• Ask them to make a note of the sounds they hear and what they feel when they hear these sounds.
  • Ask students to pick up these different sounds and write a story around these recordings.
  • You can divide students in groups too, and students can communicate with each other via collaborative tools or phone.
  • Tell your students that the sounds need not be used in the sequence in which they are played.

For example, let us assume that the learners listen to the sound of a doorbell ringing, a shriek, laughter, footsteps and a knock. The story they create could be as follows:

I was alone at home that night. I heard the doorbell ring. I opened the door but there was no one outside. I was surprised and shut the door again. Just then I heard a soft knock on the door. I was a bit scared. I slowly opened the door. There was no one outside but I heard footsteps running along the back of the house. I was very curious to know what was going on. I stepped out and followed the sound of the footsteps. Suddenly, I felt a hand over my shoulder. I shrieked and turned around. I saw that my friends were standing around me. They started laughing. They had planned to scare me.

Instructions for your students:
1. Listen to a series of sounds
2. As you listen, jot down what these sounds make you think of. ( e.g., a loud jangling noise can make you think of a lot of utensils falling or a train accident or a quarrel or a madman etc)
3. Now discuss with members of your group and build a story based on these sound effects. Remember, you need not use the sounds in the same sequence as they were played to you.
4. You can mail me the story or narrate the story you created to the class in the next live session.

There are many skills that we can develop through drama activities, but we may often feel unsure about trying out all these in our classrooms.

Cambridge University Press book Using Drama in Language Teaching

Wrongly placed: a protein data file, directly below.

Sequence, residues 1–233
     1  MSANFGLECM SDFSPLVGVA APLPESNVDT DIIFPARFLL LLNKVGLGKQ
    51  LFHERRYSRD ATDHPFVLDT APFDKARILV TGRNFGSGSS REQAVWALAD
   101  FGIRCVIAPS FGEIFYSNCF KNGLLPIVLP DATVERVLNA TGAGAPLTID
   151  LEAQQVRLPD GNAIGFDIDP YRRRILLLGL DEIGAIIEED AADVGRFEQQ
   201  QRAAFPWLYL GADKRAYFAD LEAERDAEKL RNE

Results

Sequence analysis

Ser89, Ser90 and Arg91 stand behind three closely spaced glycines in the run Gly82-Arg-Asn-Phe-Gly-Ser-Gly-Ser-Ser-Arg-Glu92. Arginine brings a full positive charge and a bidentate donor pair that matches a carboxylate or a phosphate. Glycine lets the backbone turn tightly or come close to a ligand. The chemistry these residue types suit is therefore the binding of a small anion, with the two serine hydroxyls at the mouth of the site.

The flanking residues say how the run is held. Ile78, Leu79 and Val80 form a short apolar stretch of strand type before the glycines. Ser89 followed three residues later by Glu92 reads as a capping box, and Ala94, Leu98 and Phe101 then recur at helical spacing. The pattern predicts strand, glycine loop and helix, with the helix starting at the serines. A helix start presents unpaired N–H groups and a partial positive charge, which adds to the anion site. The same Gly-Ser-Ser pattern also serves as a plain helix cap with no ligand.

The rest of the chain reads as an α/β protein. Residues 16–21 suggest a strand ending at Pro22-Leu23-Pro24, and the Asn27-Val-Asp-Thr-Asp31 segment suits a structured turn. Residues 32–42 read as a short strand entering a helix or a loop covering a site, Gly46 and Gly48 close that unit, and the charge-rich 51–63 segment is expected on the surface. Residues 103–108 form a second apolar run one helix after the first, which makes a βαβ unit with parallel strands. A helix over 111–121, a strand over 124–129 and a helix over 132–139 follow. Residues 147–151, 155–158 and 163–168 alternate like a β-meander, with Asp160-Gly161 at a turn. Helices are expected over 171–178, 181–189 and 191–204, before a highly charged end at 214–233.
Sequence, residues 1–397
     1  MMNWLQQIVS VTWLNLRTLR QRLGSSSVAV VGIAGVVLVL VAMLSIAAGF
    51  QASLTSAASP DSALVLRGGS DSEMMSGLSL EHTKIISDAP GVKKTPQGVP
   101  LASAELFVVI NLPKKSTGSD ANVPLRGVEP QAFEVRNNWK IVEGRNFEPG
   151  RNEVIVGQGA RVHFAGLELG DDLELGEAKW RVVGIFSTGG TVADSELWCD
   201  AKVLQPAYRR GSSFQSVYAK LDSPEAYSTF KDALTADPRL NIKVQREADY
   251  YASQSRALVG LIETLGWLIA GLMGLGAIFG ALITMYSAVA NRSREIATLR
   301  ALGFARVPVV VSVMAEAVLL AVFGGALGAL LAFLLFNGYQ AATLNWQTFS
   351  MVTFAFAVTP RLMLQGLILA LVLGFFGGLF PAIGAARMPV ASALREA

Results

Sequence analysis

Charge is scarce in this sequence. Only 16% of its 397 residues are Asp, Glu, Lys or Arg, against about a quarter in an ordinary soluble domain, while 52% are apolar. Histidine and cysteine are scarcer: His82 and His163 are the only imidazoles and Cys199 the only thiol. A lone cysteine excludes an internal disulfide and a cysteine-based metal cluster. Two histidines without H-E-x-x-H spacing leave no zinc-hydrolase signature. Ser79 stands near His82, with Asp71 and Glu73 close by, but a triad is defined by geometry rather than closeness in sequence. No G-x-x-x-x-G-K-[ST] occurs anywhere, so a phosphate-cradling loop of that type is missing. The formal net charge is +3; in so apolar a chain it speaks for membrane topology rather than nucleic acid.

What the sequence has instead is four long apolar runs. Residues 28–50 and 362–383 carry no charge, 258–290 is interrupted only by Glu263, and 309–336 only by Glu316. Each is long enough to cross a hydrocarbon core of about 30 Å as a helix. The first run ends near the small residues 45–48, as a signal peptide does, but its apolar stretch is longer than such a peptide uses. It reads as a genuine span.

Indrani Baura is the author of Using Drama in Language Teaching by Cambridge University Press.

ALL ABOUT LANGUAGE TEACHING is a series of books that aims to help teachers in primary and secondary schools with their professional training and development. Written in an easy-to-understand style and simple language, the books in the series assume little prior knowledge of pedagogy and theories of language teaching. The topics and issues addressed in the books in this series would be relevant to teachers both in India and in other SAARC countries.

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Here are some articles that will help you plan your digital learning –

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English activities around the home


Written by Indrani Barua

I believe in not limiting myself to any particular role and so I am a short story writer ( English and Bengali) , a Translator, a playwright and director of children's plays both for the stage and for the radio, an amateur puppeteer and a storyteller. With  25+ years of teaching experience in schools, I  create content for Course books. This is my way of making-up for not being able to teach directly to the bright young faces any more (something that I miss so much!) At my small children's library at home, I love to interact with children of 4 to 14 learning so much from them and sharing with them my love of books, art and literature and providing counselling to parents.